A year-long randomised, double blind, placebo controlled study of the effects of CLA on body fat mass, concluded that long-term supplementation of CLA in healthy overweight adults significantly reduced body fat mass. Adverse effects were mainly gastrointestinal and classed as just ‘mild’ or ‘moderate’. Several human trials have been reported in which no adverse effects occurred when high quality CLA was taken at doses of 3-6g per day. However, it is necessary for more extensive clinical trials to be conducted to monitor the safe use of CLA for weight management.

Bergamot (Citrus bergamia Risso et Poiteau)



Bergamot belongs to the Rutaceae family, genus Citrus. It’s an endemic plant from the Calabrian region in Italy. Bergamot juice was traditionally recognized by the local population of Calabria as a remedy for “fatty arteries” and heart problems. The medical uses of bergamot derivatives have been forgotten for decades, but are now being researched by centres in Rome, Calabria and Australia.

Several published human clinical trials have highlighted the effectiveness of 37% strength Bergamot fruit extract against several parameters associated with obesity. In one large-scale human trial consisting of 107 participants, the group receiving 650mg of Bergamot Polyphenol fraction (BPF) twice a day for 120 consecutive days, exhibited a significant reduction of fasting plasma glucose, serum LDL cholesterol and triglycerides, alongside an increase of HDL cholesterol. This effect was accompanied by significant reduction in belly fat in and around the liver supported by CT scans of the patients before and after four months of treatment.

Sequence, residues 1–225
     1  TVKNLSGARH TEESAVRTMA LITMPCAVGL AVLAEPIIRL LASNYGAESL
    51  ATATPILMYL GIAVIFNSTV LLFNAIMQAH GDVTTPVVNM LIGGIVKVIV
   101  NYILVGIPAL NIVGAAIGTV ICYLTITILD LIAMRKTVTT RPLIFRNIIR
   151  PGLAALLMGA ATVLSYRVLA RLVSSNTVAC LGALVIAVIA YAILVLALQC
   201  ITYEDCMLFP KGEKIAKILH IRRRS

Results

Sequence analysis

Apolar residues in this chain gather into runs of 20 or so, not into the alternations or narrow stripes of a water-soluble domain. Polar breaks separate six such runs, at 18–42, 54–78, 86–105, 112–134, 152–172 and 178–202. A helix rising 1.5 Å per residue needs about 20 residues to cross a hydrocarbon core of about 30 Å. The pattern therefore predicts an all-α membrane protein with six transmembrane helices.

In conclusion, the effectiveness of Nutraceuticals on reducing body weight is highly dependent on the level of good clinical evidence supporting the strength of the ingredient. This must be considered alongside the level and type of calorie intake and the amount of daily exercise.

Introducing Bergatone



Though the concept of a ‘magic pill’ that reduces body weight without amendments to lifestyle is far from realistic, we would recommend a balanced diet, regular exercise and Bergatone.

It is a safe and effective natural supplement that uniquely contains highest strength, premium grade bergamot fruit extract in combination with high strength olea europaea leaf extract, vitamin C, chromium and alpha linoleic acid. Take Bergatone Plus 30 minutes before a meal and the polyphenols will bind to bad fats released from food within the gut. This product is safe when taken long-term and does not interact with any prescription medication, including statins.

If you’d like any further advice, please contact our Pharmacist on (+44) 01483 685630 or email us directly.